The Prognostics for Credit Shocks (Financial Crisis) and Insights for Mitigating Consequences


  • Vytautas Snieska Kaunas University of Technology,
  • Vitalija Venckuviene Kaunas University of Technology,
  • Ruta Masteikiene Kaunas University of Technology,



credit shock, recession, financial crisis, small open economy, and expert evaluation.


Many econometric models have been constructed based on various theoretical approaches (neoclassical economics, Keynesian, business cycle, post Keynesian and others) aiming to predict peaks and pitfalls in the economies. But unfortunately many of them were misleading in predicting 2007-2008 financial crisis and long lasting recession afterwards. The literature indicates plenty of negative aspects of recent financial crisis at macro-level including decrease in consumption, aggregate demand and investment, financial markets‘ stagnation, increase in Government debt and unemployment rate and even more political instability. While effects at micro level encompass the decline in business loans, fall in equity value, property devaluation, decrease in sales, increase in defaults, decrease in investment in R&D and etc. Especially small open economies, like Lithuania, have suffered most in terms of shrinkage of GDP during the 2007-2009 period. Therefore the qualitative approach is valuable in deepening the knowledge about the preconditions and consequences of credit shocks. Thus this study aims to extract the main prerequisites and outcomes for credit shocks and to approve it by the expert opinion. Expert evaluation results indicate that absence of reserve funds was the most important precondition for 2007-2008 crisis and recession. Moreover when the gathered unplanned cyclical income have been wasted and even more the public sector spending has been increased that led to even bigger budget deficit.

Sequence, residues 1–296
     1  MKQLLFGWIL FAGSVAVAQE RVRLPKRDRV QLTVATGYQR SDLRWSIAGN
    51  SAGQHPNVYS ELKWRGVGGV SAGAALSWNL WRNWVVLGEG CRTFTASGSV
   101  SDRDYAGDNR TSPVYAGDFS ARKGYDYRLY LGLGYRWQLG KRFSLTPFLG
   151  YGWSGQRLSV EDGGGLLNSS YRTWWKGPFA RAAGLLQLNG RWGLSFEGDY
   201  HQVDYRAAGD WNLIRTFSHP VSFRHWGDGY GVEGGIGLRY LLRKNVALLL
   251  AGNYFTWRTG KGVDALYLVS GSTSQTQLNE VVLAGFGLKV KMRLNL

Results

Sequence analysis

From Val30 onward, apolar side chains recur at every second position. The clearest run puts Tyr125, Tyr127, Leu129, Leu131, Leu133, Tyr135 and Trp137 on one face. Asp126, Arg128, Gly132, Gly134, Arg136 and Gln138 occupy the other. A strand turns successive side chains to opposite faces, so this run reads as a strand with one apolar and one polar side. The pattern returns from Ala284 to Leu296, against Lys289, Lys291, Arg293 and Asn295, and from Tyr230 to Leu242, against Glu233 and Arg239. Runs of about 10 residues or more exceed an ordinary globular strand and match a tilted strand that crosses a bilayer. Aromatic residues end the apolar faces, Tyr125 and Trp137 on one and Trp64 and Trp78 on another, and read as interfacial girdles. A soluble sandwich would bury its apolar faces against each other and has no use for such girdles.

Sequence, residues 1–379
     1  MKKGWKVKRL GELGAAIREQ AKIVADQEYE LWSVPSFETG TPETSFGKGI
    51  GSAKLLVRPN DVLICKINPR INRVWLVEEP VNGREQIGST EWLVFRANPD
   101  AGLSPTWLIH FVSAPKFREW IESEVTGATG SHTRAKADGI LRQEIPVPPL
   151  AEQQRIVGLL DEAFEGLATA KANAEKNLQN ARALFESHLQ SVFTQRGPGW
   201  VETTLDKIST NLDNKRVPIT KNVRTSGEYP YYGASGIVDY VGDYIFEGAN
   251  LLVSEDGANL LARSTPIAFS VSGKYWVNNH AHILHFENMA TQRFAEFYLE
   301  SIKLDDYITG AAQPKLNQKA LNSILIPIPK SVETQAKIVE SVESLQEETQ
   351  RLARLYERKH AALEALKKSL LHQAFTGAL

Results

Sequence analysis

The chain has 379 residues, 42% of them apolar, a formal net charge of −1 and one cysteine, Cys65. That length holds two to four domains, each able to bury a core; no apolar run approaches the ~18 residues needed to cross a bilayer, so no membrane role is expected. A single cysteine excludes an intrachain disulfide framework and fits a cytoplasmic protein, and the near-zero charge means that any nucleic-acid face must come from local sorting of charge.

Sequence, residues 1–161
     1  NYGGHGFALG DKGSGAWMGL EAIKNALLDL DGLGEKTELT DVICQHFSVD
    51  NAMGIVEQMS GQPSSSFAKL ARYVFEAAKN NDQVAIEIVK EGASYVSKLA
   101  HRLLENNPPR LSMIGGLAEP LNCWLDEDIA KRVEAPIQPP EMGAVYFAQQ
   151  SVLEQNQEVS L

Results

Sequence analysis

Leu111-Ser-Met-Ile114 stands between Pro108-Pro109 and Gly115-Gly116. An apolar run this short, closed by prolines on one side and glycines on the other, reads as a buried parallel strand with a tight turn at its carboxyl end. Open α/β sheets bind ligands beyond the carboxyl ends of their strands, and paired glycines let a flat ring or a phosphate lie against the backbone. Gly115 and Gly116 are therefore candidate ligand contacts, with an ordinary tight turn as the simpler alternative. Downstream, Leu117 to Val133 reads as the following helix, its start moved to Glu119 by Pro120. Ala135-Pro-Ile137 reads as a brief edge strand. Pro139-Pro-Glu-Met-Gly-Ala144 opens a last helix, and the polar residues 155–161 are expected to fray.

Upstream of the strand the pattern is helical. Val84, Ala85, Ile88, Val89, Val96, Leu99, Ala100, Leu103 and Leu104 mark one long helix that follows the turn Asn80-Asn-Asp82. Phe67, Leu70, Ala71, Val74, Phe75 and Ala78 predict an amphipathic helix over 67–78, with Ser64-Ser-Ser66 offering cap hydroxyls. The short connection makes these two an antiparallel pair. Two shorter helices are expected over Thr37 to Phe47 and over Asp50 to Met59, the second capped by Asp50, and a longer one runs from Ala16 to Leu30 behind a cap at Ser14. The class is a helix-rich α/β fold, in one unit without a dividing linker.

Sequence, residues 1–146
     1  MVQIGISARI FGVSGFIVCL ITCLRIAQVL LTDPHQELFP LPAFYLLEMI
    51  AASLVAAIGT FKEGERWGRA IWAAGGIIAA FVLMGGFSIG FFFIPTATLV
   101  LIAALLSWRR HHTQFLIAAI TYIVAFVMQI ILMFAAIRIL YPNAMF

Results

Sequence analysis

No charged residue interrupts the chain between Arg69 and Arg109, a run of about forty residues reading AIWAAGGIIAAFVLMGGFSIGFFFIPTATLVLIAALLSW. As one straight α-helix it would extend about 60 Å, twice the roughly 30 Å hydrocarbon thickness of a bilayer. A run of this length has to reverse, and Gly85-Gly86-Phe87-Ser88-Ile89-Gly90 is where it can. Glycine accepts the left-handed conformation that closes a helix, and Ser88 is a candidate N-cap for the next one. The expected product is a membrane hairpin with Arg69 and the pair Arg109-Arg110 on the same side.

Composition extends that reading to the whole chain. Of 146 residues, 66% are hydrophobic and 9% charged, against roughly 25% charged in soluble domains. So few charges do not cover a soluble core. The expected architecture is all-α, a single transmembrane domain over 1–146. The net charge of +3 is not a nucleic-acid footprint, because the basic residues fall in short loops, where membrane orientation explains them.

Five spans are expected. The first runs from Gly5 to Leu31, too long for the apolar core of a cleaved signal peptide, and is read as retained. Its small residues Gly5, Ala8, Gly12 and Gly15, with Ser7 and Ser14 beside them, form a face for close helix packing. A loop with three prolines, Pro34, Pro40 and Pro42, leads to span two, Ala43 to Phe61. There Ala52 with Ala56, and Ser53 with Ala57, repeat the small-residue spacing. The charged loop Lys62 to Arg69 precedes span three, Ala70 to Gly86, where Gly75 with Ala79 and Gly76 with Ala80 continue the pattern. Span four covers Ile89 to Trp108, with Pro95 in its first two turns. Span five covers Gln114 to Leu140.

Also experts unanimously identified the main consequences of credit shock and 2007-2009 crisis including: (1) Decrease in GDP and government revenues, (2) Fall in domestic demand in Lithuania and increase in importance of exports for economic development, (3) The decline in consumption level and the delay of purchase, and (4) Shrinkage of construction sector, and manufacturing and trade of durable goods.


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